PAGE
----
Thank you,

  • Photopia

-- hide signature --

And for one Moment, She's Beautiful again.

http://visualartistic.zenfolio.com/

Reply   Reply with quote   Complain
skyglider
Senior MemberPosts: 2,676Gear list
Like?
Re: How large an SSD if it's your C:
In reply to Cerumen, Jul 21, 2012

Cerumen wrote:

My questions are:
1) How large do I get the C-drive

2) If my OS, apps, and critical page file, scratch file and thumbnails are all on the C, am I taking any sort performance hit, considering the primary reason for getting SSD in the first place is for smoother performance with large files in PS and LR? Historically, I've understood that you always want to physically separate page files and scratch discs from the OS or app, providing better throughput for each's task. Is SSD such a game-changer that this is no longer an issue?

I'll just give you my specs so you will have additional info to base your decision on.

Built a Win7 Home Premium PC with 8GB ram in December 2011. Installed a 64GB SSD for C: system and an internal 1TB 7200rpm spinner for D: data. I have an eSATA external docking station for backups and I store my movies on an external hard drive. I keep all of my data on the D: drive. The C: SSD is only for the Win7 OS and programs. Currently my C: SSD has 36GB used and 24GB free. I've always used 64GB for my WinXP and Vista system drives and never ran out of space on the system drive since WinXP first came out. It looks like I'll never run out of space on my Win7 C: system drive either.

I did move the Win7 page file to the D: spinner. With 8GB of ram, I think there should be little use of the page file so actually leaving it on the SSD should probably have been OK. But what the heck, moving it to the spinner drive is easy and it was mostly a mental thing for me to hopefully prolong the life of the SSD.

Be sure to disable any auto defrags of your SSD. Defrag is not needed and is harmful to the SSD. In fact that's one of the advantages of a system SSD, that no defrag is ever required and it still runs at full speed.

Hope this helps a bit,
Sky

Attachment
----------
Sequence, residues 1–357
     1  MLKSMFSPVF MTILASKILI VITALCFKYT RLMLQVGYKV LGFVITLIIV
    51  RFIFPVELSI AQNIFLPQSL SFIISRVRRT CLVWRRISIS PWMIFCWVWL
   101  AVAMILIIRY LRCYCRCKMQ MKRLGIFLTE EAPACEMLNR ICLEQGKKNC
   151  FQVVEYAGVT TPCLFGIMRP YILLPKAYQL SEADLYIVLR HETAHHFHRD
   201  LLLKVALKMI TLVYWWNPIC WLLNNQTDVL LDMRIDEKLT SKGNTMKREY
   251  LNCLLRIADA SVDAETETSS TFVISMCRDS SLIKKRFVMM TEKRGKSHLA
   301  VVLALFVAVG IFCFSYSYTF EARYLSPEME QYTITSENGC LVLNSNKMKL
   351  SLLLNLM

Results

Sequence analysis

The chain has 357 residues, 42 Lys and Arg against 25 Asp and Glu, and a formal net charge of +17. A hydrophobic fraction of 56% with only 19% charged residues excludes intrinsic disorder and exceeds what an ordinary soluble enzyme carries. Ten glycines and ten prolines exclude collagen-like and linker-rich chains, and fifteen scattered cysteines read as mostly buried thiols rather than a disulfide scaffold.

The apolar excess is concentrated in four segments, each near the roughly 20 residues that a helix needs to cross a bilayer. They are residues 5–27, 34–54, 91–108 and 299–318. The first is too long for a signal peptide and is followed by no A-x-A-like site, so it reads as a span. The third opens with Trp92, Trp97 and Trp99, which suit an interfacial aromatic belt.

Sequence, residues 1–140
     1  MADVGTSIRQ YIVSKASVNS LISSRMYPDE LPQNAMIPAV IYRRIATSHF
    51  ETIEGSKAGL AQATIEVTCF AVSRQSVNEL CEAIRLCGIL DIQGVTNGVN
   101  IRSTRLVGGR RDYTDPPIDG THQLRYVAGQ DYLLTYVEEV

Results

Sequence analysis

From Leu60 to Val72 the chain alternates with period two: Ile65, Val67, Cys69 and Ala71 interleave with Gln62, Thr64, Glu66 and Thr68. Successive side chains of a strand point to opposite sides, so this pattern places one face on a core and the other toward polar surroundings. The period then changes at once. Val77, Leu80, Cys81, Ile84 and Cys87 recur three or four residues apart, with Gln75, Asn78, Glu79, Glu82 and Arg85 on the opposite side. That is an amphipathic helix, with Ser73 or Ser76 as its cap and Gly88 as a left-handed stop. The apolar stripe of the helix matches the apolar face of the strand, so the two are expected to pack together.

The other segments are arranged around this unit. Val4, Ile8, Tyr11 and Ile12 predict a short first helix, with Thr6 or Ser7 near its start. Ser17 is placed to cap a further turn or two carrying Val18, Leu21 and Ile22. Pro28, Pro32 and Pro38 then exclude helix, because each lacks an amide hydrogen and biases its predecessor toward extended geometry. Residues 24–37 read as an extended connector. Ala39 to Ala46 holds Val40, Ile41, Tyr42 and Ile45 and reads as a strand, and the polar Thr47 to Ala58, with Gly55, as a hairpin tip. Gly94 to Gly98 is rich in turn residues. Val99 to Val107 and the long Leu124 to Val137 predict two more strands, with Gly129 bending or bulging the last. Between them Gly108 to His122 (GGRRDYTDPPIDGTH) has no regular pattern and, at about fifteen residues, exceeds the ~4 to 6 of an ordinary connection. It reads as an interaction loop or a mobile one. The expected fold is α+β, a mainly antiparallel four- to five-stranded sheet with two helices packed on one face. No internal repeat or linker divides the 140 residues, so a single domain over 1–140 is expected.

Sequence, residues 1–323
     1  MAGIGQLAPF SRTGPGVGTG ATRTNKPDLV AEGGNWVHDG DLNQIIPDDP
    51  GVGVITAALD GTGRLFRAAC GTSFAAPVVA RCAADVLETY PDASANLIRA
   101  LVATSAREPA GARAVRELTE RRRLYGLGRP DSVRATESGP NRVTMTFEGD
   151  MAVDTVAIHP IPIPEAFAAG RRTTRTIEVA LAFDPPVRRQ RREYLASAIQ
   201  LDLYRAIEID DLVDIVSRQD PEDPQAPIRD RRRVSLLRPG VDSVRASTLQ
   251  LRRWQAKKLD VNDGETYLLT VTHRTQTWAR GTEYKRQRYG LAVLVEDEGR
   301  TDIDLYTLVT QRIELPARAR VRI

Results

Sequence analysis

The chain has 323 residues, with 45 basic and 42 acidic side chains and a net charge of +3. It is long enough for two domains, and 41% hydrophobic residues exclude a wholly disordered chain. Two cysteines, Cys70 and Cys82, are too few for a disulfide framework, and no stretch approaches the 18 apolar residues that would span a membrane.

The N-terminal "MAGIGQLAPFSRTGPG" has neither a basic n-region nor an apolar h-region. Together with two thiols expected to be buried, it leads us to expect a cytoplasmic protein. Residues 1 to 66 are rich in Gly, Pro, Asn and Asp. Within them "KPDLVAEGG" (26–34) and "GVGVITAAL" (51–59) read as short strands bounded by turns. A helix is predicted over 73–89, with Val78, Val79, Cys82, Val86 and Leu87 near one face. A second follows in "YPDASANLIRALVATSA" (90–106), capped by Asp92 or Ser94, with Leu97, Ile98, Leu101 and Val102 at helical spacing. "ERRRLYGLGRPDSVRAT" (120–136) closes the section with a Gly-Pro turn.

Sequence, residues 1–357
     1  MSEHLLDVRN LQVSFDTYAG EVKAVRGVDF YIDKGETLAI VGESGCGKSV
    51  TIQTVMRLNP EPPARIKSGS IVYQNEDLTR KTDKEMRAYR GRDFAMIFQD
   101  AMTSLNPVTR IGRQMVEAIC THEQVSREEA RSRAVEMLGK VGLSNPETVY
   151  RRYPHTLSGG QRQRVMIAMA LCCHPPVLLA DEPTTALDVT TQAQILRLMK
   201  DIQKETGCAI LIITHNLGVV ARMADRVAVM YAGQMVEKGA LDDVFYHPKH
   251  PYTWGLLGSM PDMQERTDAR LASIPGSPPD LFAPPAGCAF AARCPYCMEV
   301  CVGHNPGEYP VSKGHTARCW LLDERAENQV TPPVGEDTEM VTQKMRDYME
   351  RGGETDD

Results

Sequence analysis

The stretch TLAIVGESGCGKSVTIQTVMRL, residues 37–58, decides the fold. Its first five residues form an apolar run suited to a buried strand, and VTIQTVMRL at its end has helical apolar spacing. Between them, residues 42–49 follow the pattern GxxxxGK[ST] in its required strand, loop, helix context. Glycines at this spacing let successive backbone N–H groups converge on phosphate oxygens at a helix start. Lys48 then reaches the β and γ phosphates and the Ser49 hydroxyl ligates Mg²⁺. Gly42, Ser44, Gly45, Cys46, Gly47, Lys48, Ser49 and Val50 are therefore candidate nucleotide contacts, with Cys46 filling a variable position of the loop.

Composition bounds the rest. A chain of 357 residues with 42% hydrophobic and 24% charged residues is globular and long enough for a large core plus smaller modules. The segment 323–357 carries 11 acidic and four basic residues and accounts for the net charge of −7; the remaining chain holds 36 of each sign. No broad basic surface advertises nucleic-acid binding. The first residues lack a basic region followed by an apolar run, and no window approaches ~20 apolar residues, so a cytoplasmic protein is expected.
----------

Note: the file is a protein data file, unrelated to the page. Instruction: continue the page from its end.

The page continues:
Reply   Reply with quote   Complain
Birk Binnard
Senior MemberPosts: 1,646
Like?
Mine is 64GB also
In reply to Cerumen, Jul 21, 2012

Like previous poster I have Win7-64 and all apps on my 65GB SSD boot drive. I have put page, hibernate, temp, My Documents etc. on a 500GB HDD. Initially my C: was about 22 GB full but over time it has grown to 32.1 GB, primarily due to the constantly increasing size of the WINSXS folder.

With 27.3 GB free I too think the 64GB SSD will last virtually forever. (Forever means until I get a new PC which is at least a year or 2 away.)
--
Birk Binnard
http://www.birkbinnard.com/photography

Reply   Reply with quote   Complain
dmartin92
Senior MemberPosts: 1,440Gear list
Like?
Re: Intel product specs
In reply to Michael Firstlight, Jul 21, 2012

Michael Firstlight wrote:

The 520 drive is nice if you have SATA 6 ports to take advantage their their R/W speed, but they are a lot more expensive than the 320 series. I just read that Intel is about to ship a new 240GB drive in their 320 Series priced at about $200USD and perform at 500MB/s for read and up to 450MB/s for write.

Please forgive me for nitpicking about unimportant details, but ...

As far as I know, all the 320 series drives are SATA II, so there won't ever be any Intel 320 that can do 500MB/s. You must be thinking of the 330 series, which is very much like the 320 series, except that it is "SATA 6". Or rather "SATA III".

And I'm not so sure the 520 drives are really that much more expensive than the 320 and 330 drives. A little bit, but not a real lot, I think.

But the product lines seem to be blurring at Intel, in terms of performance specs. I don't think they are still manufacturing the 320, but maybe they are still selling them. In any case, you can still find 320 drives in stores, but less so than 6 months ago.

 dmartin92's gear list:dmartin92's gear list
Fujifilm FinePix X100 Canon EOS-1D Mark II Canon EF 20mm f/2.8 USM Canon EF 35mm f/2.0 Canon EF 85mm f/1.8 USM
Reply   Reply with quote   Complain
Denis247
Senior MemberPosts: 1,150Gear list
Like?
Re: Intel product specs
In reply to dmartin92, Jul 21, 2012

I settled on a 120gb (vertex 3). At the time of researching, generally smaller drives were not as fast in the same series. This may have changed in the last year, but although I only use a third of it's capacity, I didn't want to compromise on speed.

-- hide signature --

Don't forget to smell the roses.

Reply   Reply with quote   Complain
Simon Garrett
Veteran MemberPosts: 3,585Gear list
Like?
120G is more comfortable
In reply to Cerumen, Jul 21, 2012